Ninety per cent of the time, I consider myself to be a pretty decent parent. I care deeply about my child and I enjoy her company. I help her with homework and participate in school field trips. We talk about the world and make each other laugh. We go on adventures and love being together.

The other 10 per cent of the time, I feel like a failure. I raise my voice and lose my temper. I am short with her when I should be patient. I say things that I should not. I am the worst version of myself. It is not that I think I should be a perfect parent, but I do want to be kind one. And 10 per cent of the bad behaviour feels like it cancels out the 90 per cent of good.

When I am calm and centered, I encourage my daughter to take deep breaths when she is angry. I remind her that just because she is mad, she is not allowed to be mean. I bring her in close and hug her when she is misbehaving. Why is it so hard to follow my own good advice, in the heat of the moment?

It is amazing to me how easy it is to be an unfiltered version of yourself with those that you love most. To explode when you are angry or to say all of the things that come to mind with wild abandon. We feel safe together, so we let it all hang out rather than showing the restraint we do with those who are not in our inner circle.

In paying attention to these moments, I notice that they occur most often when I am tired, stressed or overloaded. There is no opportunity for me to stop and pause when I am running dry, as there is nothing left in my reserve tank. I am realizing that in order to be a better parent to my daughter, I need to start being a better parent to myself: offering up attention, love and care, rather than judgment and frustration.

As a single parent, it can be difficult to find time to rest and decompress. Life is busy and there are many moving parts. It is hard to slow down. If I do not make space for myself on a daily basis, however, the fragile balance tips.

Over the last little while, I have been testing out some strategies for better managing the stresses of daily life. Here are some I find helpful:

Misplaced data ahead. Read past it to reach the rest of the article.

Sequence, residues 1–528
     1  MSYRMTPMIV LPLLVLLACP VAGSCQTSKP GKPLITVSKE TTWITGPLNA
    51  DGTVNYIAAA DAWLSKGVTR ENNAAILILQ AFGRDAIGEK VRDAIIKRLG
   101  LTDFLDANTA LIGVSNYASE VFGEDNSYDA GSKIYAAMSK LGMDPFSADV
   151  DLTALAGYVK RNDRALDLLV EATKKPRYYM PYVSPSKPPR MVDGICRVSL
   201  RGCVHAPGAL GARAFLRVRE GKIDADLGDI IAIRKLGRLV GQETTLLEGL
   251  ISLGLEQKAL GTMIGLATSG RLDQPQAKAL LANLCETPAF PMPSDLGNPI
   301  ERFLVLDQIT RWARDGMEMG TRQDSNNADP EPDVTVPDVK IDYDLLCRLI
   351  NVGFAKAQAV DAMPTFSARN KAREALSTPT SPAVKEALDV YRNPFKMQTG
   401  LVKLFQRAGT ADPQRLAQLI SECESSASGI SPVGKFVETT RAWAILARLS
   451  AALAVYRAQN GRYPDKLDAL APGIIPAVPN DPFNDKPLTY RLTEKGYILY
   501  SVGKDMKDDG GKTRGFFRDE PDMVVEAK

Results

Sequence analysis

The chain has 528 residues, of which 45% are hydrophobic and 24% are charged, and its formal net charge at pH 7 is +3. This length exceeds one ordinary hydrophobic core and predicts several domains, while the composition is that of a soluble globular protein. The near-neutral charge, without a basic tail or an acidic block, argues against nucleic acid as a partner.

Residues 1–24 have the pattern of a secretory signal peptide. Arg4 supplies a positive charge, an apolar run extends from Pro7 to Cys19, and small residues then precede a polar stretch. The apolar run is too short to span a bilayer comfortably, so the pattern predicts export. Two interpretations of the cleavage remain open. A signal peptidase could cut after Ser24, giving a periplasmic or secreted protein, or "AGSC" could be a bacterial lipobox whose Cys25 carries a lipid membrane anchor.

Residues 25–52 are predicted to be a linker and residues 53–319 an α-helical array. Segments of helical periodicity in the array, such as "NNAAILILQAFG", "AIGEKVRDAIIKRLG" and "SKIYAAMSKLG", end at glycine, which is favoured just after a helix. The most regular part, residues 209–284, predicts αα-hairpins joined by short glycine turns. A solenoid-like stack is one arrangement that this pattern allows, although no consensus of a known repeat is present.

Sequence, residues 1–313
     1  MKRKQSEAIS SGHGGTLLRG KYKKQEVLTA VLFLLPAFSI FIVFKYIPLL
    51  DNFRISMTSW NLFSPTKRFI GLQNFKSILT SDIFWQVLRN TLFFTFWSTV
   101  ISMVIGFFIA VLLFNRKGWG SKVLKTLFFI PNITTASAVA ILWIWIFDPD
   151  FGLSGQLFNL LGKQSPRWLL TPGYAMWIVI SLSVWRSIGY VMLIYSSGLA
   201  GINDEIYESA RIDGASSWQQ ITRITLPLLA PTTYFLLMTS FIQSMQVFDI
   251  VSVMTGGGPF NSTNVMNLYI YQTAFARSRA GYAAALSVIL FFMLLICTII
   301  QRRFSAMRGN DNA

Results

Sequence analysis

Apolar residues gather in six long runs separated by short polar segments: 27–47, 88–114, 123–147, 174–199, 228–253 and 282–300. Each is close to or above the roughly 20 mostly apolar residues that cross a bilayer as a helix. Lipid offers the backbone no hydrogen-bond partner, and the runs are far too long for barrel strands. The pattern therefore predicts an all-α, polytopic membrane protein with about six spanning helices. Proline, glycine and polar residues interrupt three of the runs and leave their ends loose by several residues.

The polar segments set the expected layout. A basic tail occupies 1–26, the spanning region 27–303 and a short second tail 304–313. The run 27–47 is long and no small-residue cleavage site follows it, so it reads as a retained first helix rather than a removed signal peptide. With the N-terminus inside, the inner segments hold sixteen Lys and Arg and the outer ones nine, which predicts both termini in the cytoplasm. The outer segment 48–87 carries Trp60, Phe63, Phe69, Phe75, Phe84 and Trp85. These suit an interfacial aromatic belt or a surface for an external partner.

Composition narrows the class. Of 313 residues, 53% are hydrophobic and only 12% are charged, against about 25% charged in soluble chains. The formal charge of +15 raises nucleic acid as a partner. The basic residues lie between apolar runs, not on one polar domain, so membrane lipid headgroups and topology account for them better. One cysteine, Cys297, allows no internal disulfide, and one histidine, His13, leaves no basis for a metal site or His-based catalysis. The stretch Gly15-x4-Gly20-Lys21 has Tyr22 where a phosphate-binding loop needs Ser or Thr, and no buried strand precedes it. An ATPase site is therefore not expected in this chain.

1. Movement. The first thing that helps is a commitment to regular exercise. I need to move my body every day. It can be as simple as taking a walk at lunch or a free online yoga class at home (doyogawithme.com). Movement in any form is medicine—for the mind and body.

2. Meditation. A regular meditation practice is a good tool. Sitting still and paying attention to my breath for 10 minutes a day, first thing in the morning gives me an anchor in the moments when I later feel ungrounded. Deep, belly breaths really help to take the edge off of a difficult situation.

3. Rest. My daughter and I spend a lot of time together and I cherish it; I am also realizing it is essential that I have time to rest and to be alone. I aim to get her into bed early each evening, both so she can rest after a long day and so I am left with a pocket of time to myself. After she is asleep, I can take a hot bath, watch a show or read a book. I also like to go to bed early myself, as it is essential for my energy levels and overall well-being.

4. Reflection. When I am not at my best, I often regret the things that I say. In the moments of frustration or anger that arise, I am working to create a small space between the emotion and myself, to pull back and reflect. Who do I want to be in this moment? How do I want my child to remember it? Does this behaviour feed connection or separation? Although it is difficult, it really helps to shift the dynamic.

I feel fortunate that there is an opportunity, each and every day, to start new and recommit to being a better parent, partner and friend. Love is amazingly resilient, forgiving and patient, but is also needs to be fed a steady diet of kindness, tenderness and joy.

An important first step is to start by acting as a parent to myself, to make sure that I am fed, cared for and rested. To give myself time for things that fill me up and build my capacity to pause in those difficult and challenging moments. If I do not, and I allow myself to run on empty, I am guaranteed to tip over into the dreaded 10 percent.

Lora McKay is a writer living in Victoria, B.C. She is mother to an amazing nine year old daughter and a rescue dog named Lucky. You can read more of her work at: breath-by-breath.com.